March 15, 2013

One more posting before I head off for 2 weeks in Maui. I will miss you all horribly!


We collected some statistical information for a recent press interview that you may find of interest.

Number of Filings by Province Since January 1, 2011 as Reported to CBA Database (Obviously Ontario is still cheating in terms of ensuring that all claims are properly reported. C'mon guys, get with the program!)

British Columbia: 40

Alberta: 13

Saskatchewan: 9

Manitoba: 0

Ontario: 39

Quebec: 116

New Brunswick: 1

Nova Scotia: 8

Prince Edward Island: 0

Newfoundland: 2

Number of Certifications by Province (including consent and for settlement) Since January 1, 2011

British Columbia: 10

Alberta: 0

Saskatchewan: 2

Manitoba: 0

Ontario: 35

Quebec: Not available

New Brunswick: 0

Nova Scotia: 3

Prince Edward Island: 0

Newfoundland: 0


Haghdust v. British Columbia Lottery Corporation, 2013 BCSC 16: The plaintiffs in two separate actions against the BC Lottery corporation applied to consolidate their actions and have the consolidated action certified as a class proceeding. The actions arose because BCLC declined to pay the plaintiffs jackpot prizes on the basis that they were participants in BCLC's voluntary self-exclusion program. The Court consolidated the actions and certified them as a class proceeding, with both plaintiffs as representative plaintiffs.

Amyotrophic Lateral Sclerosis Society of Essex (County) v. Windsor (City), 2012 ONSC 6753: Certification of class action involving the payment of bingo license fees which the plaintiff alleged were an illegal tax. The original motion for certification, approved by Justice Patterson, was consented to by the defendant but on the basis that the Limitation Act would apply, thus limiting the class definition to a two-year time period. The plaintiffs successfully appealed this decision limiting the class and the matter was remitted to Justice Patterson. Upon reconsideration, he determined that his original decision involved determining the merits of the claim, rather than a proper examination of whether the plaintiffs had met the low threshold of showing a "reasonable cause of action". Hence, the action was certified and the class definition extended beyond the prima facie restrictions of the Limitations Act.

Union des consommateurs c. Concession A25, s.e.c., 2013 QCCS 76: Amended application for authorization as class proceeding granted in the A-25 motorway bridge toll class action.

Jackson v. Canadian National Railway, 2012 ABQB 652: The plaintiff brought motion to certify a class action alleging that the defendant unjustly enriched itself by means of freight rates charged to class members. The plaintiff's motion was dismissed. The pleading failed to disclose a cause of action as the fees were sanctioned by regulation. Furthermore, individual issues vastly overwhelmed the common issues. In the alternative, the court granted the defendant's motion for summary judgment on grounds that plaintiff had no genuine issue for trial and was barred by limitations.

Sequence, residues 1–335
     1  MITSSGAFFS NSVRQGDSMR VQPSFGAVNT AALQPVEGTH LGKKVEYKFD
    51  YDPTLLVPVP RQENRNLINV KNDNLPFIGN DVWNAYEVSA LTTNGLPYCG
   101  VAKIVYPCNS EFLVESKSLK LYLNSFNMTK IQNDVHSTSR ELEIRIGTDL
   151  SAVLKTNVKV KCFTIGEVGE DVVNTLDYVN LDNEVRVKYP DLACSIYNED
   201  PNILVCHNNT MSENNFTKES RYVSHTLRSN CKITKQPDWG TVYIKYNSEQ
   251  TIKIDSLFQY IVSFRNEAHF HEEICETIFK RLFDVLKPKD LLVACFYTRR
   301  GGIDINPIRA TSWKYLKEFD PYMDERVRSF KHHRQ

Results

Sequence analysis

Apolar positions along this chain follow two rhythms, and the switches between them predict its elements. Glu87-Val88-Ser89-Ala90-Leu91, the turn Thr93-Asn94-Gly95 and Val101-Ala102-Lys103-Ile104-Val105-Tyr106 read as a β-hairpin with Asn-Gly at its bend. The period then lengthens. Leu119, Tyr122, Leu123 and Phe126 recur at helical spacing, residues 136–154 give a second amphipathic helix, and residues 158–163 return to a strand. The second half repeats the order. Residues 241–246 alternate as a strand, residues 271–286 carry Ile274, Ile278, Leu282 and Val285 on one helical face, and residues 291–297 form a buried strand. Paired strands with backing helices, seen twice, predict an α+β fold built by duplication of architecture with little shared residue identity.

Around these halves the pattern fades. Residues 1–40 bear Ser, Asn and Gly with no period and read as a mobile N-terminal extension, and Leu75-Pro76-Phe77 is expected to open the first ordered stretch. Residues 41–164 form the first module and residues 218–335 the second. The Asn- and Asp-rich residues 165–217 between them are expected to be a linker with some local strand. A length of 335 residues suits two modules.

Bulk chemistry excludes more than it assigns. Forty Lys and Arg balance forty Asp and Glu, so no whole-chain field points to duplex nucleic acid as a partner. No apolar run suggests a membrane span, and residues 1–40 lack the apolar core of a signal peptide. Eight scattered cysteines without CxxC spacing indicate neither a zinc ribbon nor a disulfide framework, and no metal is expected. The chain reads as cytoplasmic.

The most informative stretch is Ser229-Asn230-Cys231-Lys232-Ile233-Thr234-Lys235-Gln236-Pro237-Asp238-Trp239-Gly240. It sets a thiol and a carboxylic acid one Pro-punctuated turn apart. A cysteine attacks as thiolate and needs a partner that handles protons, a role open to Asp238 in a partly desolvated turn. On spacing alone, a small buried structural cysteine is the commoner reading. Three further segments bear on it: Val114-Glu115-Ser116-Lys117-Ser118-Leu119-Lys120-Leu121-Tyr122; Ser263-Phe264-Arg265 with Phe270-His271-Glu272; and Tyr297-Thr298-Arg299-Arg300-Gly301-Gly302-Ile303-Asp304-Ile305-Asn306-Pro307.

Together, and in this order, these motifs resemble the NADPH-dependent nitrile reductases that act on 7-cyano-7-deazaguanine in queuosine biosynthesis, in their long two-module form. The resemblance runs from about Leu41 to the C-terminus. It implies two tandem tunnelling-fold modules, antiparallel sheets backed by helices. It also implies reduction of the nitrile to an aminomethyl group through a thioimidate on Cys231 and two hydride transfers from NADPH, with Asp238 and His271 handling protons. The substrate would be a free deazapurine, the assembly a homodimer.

Matthias v. British Columbia Medical Association, 2013 BCSC 251: The plaintiff physician brought action against the BC Medical Association, the professional association which negotiated benefits on behalf of BC physicians with the government, and in turn charged physicians certain fees. The plaintiff alleged that administration fees charged to physicians who were not members of the association (i.e. who did not pay the association's membership fees) were arbitrary and excessive, and were either unlawful or otherwise unjustified. The plaintiff advanced claims for breach of trust, breach of fiduciary duty, conversion, violation of the Charter of Rights and Freedoms, and unjust enrichment.

The plaintiff brought a motion to certify the action as a class proceeding on behalf of non-member physicians who were charged fees by the association. The court found that whether the plaintiff could advance the proposed causes of action essentially depended on whether it could be said that the alleged charges were somehow unlawful or unjustified. It concluded that it was lawful for the government to choose the association as the agent through which it dealt with all doctors, including non-members.

Further, the association's value to the plaintiff and other proposed class members was not merely the cheapest imaginable administration fee for the benefits they accessed, but the unquantifiable value of the association's negotiations with the government on behalf of all doctors. The plaintiff was entitled to a voice in whether or not the association should be pursuing certain objectives, and how much doctors should contribute, if she chose to join. If she did not, then she would be obliged to pay because the government's choice to deal with doctors through the association was lawful and, in turn, the association's collection of dues from non-members was justifiable. As such, the court rejected the plaintiff's allegations that the government and the association could not bargain on her behalf. Her claims for breach of trust, breach of fiduciary duty, conversion, violations of the Charter and unjust enrichment were all doomed to fail.

As there was no viable cause of action, the plaintiff's motion for certification was dismissed.